Avaaz claims to unite practical idealists from around the world. Director Ricken Patel said in 2011 "We have no ideology per se. Our mission is to close the gap between the world we have and the world most people everywhere want. Idealists of the world unite!"
In practice, Avaaz often supports causes considered progressive, such as calling for global action on climate change, challenging Monsanto, and building greater global support for refugees.
During the 2009 Iranian presidential election protests Avaaz setup internet proxy servers to allow protesters to upload videos onto public websites.
Avaaz supported the establishment of a no-fly zone over Libya, which led to the military intervention in the country in 2011. It was criticized for its pro-intervention stance in the media and blogs.
Avaaz supported the civil uprising preceding the Syrian Civil War. This included sending $1.5 million of internet communications equipment to protesters, and training activists. Later it used smuggling routes to send over $2 million of medical equipment into rebel held areas of Syria. It also smuggled 34 international journalists into Syria. Avaaz coordinated the evacuation of wounded British photographer Paul Conroy from Homs. Thirteen Syrian activists died during the evacuation operation. Some senior members of other non-governmental organizations working in the middle east have criticized Avaaz for taking sides in a civil war. As of November 2016, Avaaz continues campaigning for no-fly zones over Syria in general and specifically Aleppo. It has received criticism from parts of the political blogosphere and has a single digit percentage of its users opposing the petitions, with a number of users ultimately leaving the network. The Avaaz team responded to this criticism by issuing two statements, defending their decision to campaign.
In the 2016 United States presidential election Avaaz campaigned against Donald Trump with the slogan "Defeat Donald Trump", and produced a software tool to simplify overseas voter registration.
Some question whether Avaaz's focus on online petitions and email campaigns may encourage laziness, transforming potential activism into clicktivism. Malcolm Gladwell says that petition tools do not create "close-knit, disciplined and tenacious" networks of activists. In February 2012, Avaaz raised money for the evacuation of Paul Conroy from Syria, a mission that led to the deaths of 13 activists in Syria. A New Republic article accused Avaaz of making false claims about their own role in the evacuation. Jillian York has accused Avaaz of lack of transparency and arrogance. The Defensor Da Natureza's blog has accused Avaaz of taking credit for the success of the Ficha Limpa anti-corruption bill in Brazil, which Luis Nassif reposted. The Art of Annihilation blog has also published an investigative report.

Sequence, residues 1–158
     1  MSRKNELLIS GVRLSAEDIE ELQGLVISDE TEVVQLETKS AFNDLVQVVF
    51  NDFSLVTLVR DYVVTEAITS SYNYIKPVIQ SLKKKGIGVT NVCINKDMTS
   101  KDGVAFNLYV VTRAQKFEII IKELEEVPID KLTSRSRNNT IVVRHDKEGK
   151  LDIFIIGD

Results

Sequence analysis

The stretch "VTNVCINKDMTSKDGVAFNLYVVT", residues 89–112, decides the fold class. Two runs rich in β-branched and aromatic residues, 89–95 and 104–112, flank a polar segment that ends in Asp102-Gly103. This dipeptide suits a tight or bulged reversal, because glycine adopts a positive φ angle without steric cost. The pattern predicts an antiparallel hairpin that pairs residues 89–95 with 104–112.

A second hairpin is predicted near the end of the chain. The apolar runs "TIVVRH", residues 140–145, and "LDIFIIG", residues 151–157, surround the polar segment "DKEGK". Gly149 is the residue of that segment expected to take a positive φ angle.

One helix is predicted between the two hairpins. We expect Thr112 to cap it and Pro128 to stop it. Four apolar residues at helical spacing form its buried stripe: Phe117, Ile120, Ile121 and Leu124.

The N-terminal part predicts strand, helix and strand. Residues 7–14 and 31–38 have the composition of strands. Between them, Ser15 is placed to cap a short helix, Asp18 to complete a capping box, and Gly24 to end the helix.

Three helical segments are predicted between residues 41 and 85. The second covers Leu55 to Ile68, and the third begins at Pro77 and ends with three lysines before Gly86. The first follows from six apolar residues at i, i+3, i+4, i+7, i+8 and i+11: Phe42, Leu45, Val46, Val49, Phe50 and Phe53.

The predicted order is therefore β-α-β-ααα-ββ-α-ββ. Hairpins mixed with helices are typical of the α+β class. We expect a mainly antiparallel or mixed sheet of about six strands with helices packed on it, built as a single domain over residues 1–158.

In 2008, Canadian conservative minister John Baird labeled Avaaz a "shadowy foreign organization" tied to billionaire George Soros.
Another conservative Canadian, Ezra Levant, tried to make a link between Soros and Avaaz.org as an indirect supporter through MoveOn, but the article was later retracted as baseless and an apology was offered to Soros.
On July 18th 2015 the website Off Guardian published a report about Avaaz, where the unsatisfactory transparency of the organization was pointed out, stressing the fact that we don't know anything about Avaaz fundings before 2009, and that both "Res Publica" and "Move On", i.e. the two organizations which gave birth to Avaaz, had certainly received conspicuous donations by Soros. In the same article the biographies of Avaaz's founders are critically analysed.